“The JSC is currently a farce. It’s not just that commissioners increasingly use the platform primarily to make political points, take digs at opponents and ventilate grievances against judges who have previously ruled the ‘wrong’ way. The general level of questioning, even when not expressly intended to sabotage a candidacy, is also poor.”
It’s Ramaphosa prerogative

The President is still waiting for a formal report from the JSC recommending justice Maya as its choice for SA’s next chief justice. But Ramaphosa will have to decide whether to back the commission’s candidate or choose another, in the face of a possible legal challenge to the process.  

Professor Thuli Madonsela, a former Public Protector who served on the panel that shortlisted potential Chief Justice candidates, told News24 that Ramaphosa never asked the JSC to recommend a preferred candidate. This could make the appointment unconstitutional.
Political analyst Susan Booysen said Ramaphosa now found himself in a no-win situation.

“It is almost a no-win situation for Ramaphosa. On the one hand, he has to and he chose to consult the JSC and they have given that opinion perhaps despite what is expected,” Booysen said.
She said Ramaphosa would have to go with the JSC’s recommendation and appoint Judge Maya.

“But Ramaphosa will probably have to find the points of credibility and just go with the current recommendation and hope that it does not backfire in terms of credibility,” Booysen said.
Bottom of Form

Madonsela said the JSC’s recommendation was an important moment in history.

“The nomination of the Supreme Court President Mandisa Maya to be considered by the President as Chief Justice is a historic development in South Africa. As we await the finality of things, we should take into account that it’s the prerogative of the President to nominate someone and then the President consults parties.”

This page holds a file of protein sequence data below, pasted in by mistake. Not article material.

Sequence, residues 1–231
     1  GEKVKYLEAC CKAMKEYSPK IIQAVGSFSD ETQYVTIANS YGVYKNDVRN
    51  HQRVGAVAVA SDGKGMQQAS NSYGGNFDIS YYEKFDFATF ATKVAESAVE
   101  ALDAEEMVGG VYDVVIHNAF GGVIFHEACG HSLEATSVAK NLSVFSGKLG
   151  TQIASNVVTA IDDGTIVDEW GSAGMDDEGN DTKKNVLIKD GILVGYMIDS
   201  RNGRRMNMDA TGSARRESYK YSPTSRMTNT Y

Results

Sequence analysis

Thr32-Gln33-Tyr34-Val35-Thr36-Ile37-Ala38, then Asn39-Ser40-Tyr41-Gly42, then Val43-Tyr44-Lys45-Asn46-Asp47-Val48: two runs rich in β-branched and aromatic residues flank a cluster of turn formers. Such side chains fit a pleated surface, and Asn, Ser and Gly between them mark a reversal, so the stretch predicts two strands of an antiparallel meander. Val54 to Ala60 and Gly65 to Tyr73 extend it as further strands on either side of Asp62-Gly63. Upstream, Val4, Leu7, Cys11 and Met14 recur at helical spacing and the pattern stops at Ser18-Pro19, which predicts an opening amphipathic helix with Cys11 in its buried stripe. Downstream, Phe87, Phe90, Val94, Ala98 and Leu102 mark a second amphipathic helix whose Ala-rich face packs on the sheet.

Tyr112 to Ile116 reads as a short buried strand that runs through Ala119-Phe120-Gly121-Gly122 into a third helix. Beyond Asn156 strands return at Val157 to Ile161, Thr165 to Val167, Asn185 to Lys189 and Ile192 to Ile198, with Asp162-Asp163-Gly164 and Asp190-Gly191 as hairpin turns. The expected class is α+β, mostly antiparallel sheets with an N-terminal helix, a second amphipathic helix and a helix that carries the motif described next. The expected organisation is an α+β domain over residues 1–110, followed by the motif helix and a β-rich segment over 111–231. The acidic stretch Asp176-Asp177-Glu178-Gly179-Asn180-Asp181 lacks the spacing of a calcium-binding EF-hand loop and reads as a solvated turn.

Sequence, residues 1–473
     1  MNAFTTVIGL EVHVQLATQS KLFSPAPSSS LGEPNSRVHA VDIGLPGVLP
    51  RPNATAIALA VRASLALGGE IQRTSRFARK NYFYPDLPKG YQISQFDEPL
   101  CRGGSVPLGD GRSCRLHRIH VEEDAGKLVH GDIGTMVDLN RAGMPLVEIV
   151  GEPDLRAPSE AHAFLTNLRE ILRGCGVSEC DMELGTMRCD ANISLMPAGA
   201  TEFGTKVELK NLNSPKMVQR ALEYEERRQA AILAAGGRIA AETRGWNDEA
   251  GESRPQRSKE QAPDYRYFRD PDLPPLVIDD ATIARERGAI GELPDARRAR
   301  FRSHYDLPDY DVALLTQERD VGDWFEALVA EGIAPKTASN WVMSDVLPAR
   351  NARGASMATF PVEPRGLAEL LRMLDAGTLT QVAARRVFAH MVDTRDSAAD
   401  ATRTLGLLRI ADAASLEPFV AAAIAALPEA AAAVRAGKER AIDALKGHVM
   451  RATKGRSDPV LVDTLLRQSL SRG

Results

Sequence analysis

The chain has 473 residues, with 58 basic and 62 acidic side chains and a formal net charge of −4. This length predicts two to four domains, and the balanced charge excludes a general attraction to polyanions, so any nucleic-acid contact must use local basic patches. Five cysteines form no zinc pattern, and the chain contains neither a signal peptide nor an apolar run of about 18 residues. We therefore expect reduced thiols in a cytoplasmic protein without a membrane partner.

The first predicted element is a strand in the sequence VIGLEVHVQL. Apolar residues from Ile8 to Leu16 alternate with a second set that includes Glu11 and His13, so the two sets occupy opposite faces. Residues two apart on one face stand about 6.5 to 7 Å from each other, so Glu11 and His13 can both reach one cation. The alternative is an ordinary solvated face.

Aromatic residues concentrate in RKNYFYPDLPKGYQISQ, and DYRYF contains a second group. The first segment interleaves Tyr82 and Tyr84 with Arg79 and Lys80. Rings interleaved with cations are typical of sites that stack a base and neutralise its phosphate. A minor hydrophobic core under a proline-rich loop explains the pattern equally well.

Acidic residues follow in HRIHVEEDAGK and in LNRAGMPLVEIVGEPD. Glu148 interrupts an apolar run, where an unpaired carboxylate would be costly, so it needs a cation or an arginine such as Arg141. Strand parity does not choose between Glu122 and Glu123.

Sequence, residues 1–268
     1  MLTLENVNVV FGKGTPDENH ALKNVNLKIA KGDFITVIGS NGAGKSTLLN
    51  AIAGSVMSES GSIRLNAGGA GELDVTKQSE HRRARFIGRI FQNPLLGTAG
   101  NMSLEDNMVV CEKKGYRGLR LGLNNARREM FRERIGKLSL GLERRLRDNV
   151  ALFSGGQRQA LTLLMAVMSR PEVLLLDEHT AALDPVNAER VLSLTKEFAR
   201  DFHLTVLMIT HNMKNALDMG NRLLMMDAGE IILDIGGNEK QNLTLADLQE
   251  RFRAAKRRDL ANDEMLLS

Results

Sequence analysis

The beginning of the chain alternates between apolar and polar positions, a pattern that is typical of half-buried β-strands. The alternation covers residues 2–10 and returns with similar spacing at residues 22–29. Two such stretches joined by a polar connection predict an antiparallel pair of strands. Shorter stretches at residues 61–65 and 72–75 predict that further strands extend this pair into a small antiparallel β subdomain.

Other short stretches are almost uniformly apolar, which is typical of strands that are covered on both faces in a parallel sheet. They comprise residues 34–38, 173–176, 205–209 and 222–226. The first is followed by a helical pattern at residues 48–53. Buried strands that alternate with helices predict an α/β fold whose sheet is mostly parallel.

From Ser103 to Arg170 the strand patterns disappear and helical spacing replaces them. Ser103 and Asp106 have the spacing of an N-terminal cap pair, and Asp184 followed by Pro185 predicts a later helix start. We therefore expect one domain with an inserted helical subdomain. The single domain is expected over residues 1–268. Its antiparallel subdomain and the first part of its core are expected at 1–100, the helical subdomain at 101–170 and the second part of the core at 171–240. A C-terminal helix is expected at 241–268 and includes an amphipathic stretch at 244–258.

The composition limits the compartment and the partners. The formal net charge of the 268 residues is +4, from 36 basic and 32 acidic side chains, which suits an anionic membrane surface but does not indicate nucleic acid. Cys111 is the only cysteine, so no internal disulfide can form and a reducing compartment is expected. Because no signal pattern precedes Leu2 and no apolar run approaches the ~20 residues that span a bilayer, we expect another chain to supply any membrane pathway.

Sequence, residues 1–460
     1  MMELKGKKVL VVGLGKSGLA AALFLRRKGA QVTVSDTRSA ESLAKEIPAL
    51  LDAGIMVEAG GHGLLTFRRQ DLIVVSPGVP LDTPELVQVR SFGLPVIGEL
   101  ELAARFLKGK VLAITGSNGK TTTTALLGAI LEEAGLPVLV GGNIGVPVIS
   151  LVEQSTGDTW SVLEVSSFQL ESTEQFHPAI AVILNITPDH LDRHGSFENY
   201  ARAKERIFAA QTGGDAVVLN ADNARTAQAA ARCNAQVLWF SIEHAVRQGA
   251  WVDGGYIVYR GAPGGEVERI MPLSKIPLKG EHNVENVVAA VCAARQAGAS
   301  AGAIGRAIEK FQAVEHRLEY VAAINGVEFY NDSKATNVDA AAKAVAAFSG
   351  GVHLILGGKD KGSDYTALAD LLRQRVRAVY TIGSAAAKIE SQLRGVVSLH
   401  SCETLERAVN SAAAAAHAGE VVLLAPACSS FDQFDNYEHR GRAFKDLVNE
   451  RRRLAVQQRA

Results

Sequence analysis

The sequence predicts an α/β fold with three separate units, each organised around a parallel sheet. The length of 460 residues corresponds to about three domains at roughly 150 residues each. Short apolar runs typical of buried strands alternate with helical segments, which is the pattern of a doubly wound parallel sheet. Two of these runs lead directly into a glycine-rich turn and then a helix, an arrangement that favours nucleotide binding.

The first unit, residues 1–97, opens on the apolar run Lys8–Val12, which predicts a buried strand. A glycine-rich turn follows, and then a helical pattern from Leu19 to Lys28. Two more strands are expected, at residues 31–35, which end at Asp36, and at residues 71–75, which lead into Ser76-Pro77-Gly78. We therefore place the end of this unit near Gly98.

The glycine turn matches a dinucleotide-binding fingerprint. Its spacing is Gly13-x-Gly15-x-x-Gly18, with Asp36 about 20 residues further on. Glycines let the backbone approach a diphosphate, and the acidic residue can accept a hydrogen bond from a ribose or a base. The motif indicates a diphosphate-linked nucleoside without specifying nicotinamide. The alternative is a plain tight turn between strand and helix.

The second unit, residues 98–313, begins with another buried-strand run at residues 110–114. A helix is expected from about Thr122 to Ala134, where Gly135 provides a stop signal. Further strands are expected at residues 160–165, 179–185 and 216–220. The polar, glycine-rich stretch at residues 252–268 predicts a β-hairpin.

The decision now solely lies with Ramaphosa to appoint the Head of the Judiciary.

“First, it is appropriate to mark the recommendation of the JSC with the requisite level of praise for, and acknowledgment of, the importance of this recommendation. Judge Maya meets the requirements for the job with flying colours,” political commentator, Eusebius McKaiser, said.

He said she has demonstrable intellectual leadership, as well as proof that she can look after the administrative architecture of parts of the judiciary such as the SCA with effectively and efficiently.

“She has several degrees from here and overseas, as well as various honorary doctorates. Hers is, overall, an academic and judicial CV that suggests she is eminently qualified to be our first woman chief justice. Of course, president Cyril Ramaphosa has the ultimate say and is not constitutionally obliged to side with the JSC,” political analyst, Eusebius McKaiser, said.

Justice Maya matriculated from St John’s College, in Mthatha, and went on to obtain three degrees in law from the University of Transkei (B Proc in 1986), the University of Natal (LLB in 1988) and Duke University in the US (LLM in 1990).

She worked in various courts and positions   throughout her career, namely as an attorney’s clerk at Dazana Mafungo Inc in Mthatha, as court interpreter and prosecutor in the magistrates’ court and as a legal policy counsel and lobbyist at the Woman’s Legal Defence Fund in Washington DC in the US. 

Leave a Reply

Your email address will not be published. Required fields are marked *